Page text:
In October, the InterContinental Exchange (ICE) moved its energy swap products to become futures, “to avoid the increased regulatory burden,” noted Reuters. CME has launched swaps-like futures contracts while newer entrants like Eris Exchange, a CFTC regulated exchange, known as a Designated Contract Market (DCM), which offers interest-rate swaps futures contracts. TrueEx is also a DCM but describes itself as a Dodd-Frank compliant swaps exchange, which will initially serve the $300 trillion global interest rate swaps (IRS) market. It is currently testing and on-boarding clients and plans to go live in the first quarter of 2013.

Ironically, swap dealers are saying that if the CFTC were to impose tougher rules on swaps, users will flock to futures, with their lower margin and collateral requirements, which would actually make the financial system less safe.

“If swap and swap futures are economically equivalent then they should have the same margin,” said an executive with one of the major trading system providers that plans to register as a SEF, on the TabbForum panel.

Others see the futures potentially gaining traction because of the regulatory uncertainty with swaps. “There’s certainty in the futures rules,” said one buy-side head of global trading at the TabbForum panel. “That’s why swap futures are interesting to me,” said the trader.

However, the buy side trader is also watching the SEFs for they will potentially offer multiple market models for trading complex, customized swaps. “The last thing I want to do is speculate on who the winners will be,” said the buy-side trader.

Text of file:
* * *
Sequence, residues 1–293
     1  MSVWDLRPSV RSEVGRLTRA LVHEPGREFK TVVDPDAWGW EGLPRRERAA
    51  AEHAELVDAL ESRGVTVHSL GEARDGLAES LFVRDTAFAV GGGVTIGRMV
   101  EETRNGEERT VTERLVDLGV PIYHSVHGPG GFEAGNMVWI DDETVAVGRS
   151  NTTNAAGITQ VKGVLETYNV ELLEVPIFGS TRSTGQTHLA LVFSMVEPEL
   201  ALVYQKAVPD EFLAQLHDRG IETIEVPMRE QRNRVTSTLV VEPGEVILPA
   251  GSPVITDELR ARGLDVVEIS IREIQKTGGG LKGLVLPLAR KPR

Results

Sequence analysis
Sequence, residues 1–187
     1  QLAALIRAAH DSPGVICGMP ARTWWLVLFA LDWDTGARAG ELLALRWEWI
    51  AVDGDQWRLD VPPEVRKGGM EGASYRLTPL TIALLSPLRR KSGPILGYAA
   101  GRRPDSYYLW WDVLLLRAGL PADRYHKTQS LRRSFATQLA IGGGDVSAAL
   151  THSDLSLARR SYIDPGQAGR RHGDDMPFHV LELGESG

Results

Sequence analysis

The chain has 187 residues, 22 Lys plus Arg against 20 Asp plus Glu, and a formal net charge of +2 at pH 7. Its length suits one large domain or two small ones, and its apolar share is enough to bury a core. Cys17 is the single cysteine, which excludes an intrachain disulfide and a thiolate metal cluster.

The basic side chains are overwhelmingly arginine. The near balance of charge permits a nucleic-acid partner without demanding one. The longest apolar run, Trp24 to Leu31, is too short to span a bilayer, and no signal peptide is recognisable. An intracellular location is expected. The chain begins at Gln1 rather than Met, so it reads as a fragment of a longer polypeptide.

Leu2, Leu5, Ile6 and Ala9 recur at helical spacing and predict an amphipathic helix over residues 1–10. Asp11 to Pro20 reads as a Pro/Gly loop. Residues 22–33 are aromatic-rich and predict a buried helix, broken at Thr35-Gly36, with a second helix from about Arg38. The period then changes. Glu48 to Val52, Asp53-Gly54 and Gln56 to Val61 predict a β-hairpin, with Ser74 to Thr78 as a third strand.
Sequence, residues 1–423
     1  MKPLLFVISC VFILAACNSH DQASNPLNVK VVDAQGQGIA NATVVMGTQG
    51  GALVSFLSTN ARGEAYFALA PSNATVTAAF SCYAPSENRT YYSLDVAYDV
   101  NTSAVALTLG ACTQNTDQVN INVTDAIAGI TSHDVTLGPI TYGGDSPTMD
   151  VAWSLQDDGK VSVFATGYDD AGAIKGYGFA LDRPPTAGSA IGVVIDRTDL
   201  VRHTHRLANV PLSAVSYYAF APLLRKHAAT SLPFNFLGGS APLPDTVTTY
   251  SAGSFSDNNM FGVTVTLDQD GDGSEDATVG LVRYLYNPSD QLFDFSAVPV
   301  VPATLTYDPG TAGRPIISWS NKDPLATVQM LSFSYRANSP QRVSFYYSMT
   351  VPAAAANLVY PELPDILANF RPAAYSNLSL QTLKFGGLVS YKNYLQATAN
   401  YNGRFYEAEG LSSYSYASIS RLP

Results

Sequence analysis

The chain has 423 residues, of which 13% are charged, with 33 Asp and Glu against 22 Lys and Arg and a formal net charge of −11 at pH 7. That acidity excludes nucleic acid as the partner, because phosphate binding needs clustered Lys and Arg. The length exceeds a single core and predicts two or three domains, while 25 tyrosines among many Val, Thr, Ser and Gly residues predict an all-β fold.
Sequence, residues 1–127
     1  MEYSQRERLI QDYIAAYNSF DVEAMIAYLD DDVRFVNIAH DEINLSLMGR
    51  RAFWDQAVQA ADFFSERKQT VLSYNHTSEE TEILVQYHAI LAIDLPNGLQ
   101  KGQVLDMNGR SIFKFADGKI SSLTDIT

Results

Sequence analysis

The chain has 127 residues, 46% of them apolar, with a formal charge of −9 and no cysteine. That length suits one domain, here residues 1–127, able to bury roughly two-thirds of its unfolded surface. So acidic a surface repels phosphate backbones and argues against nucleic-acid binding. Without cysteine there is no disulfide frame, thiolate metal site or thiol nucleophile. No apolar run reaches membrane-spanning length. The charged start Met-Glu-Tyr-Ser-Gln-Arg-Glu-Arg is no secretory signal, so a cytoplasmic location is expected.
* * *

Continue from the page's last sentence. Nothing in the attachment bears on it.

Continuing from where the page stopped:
Sell side firms and others want to see competitive market structure evolve. When Tabb’s Sussman asked if there was a desire for an all-to-all market or RFQ (request for quote) model, an executive with a wholesale broker said, “ I’d like to see all of those tools.” Anticipating that there will be several platforms, investment banks plan to become aggregators as well. “The ability to provide a screen which aggregates all the different regulated venues…will be a service to clients,” said a sell-side derivatives executive at the Tabb conference.

Ivy is Editor-at-Large for Advanced Trading and Wall Street & Technology. Ivy is responsible for writing in-depth feature articles, daily blogs and news articles with a focus on automated trading in the capital markets. As an industry expert, Ivy has reported on a myriad ... View Full Bio

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User Rank: Author
3/1/2013 | 2:35:45 PM
re: Swap Dealers Go to Washington, Demand a Level Playing Field
I agree oversight is needed, but there is debate over the lighter margins for swap futures vs. OTC swaps in cases where they economically, risk equivalent contracts. Is the intent to make it more expensive to trade cleared OTC swaps? If so, experts are saying the business will flow to swap futures, but the amount of margin held by the clearinghouses, will be less than it would have been for OTC swaps.
User Rank: Apprentice
2/20/2013 | 9:13:17 PM
re: Swap Dealers Go to Washington, Demand a Level Playing Field
Some oversight is definitely needed in this market. 8/9 unregulated? wow.